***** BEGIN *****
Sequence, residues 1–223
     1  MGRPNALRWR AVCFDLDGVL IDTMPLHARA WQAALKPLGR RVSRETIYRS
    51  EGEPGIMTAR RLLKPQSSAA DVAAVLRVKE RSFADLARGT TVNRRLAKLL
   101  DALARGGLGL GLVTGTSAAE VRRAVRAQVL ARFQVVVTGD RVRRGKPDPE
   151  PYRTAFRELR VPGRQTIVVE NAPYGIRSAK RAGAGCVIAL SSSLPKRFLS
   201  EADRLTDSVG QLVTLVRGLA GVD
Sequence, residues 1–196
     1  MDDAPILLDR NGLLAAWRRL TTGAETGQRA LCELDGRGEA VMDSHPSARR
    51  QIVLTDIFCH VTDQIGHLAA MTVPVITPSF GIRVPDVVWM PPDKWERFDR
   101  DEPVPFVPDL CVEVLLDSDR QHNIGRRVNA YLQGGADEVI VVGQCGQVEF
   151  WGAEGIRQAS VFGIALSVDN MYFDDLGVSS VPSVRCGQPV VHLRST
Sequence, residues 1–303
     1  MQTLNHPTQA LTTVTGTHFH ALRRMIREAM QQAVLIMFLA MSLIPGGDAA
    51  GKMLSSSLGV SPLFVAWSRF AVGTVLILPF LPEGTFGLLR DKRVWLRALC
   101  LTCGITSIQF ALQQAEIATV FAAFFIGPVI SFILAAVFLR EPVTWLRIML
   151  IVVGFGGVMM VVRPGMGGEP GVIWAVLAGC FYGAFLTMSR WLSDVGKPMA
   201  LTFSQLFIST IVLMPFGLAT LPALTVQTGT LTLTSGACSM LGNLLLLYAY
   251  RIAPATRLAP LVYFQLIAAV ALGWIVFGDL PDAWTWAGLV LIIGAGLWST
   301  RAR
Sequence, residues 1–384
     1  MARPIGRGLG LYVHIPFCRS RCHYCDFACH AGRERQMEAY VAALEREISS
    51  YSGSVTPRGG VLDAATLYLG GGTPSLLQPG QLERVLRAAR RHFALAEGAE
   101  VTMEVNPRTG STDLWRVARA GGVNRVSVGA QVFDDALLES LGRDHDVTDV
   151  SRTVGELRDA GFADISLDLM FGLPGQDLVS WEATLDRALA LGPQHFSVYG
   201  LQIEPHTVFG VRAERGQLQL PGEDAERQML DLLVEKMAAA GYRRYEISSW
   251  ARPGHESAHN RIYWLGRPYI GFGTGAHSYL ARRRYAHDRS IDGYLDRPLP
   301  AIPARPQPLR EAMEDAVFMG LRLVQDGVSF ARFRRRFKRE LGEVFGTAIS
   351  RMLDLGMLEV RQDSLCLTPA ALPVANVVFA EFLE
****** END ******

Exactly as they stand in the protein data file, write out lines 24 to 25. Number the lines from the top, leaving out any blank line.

   151  SRTVGELRDA GFADISLDLM FGLPGQDLVS WEATLDRALA LGPQHFSVYG
   201  LQIEPHTVFG VRAERGQLQL PGEDAERQML DLLVEKMAAA GYRRYEISSW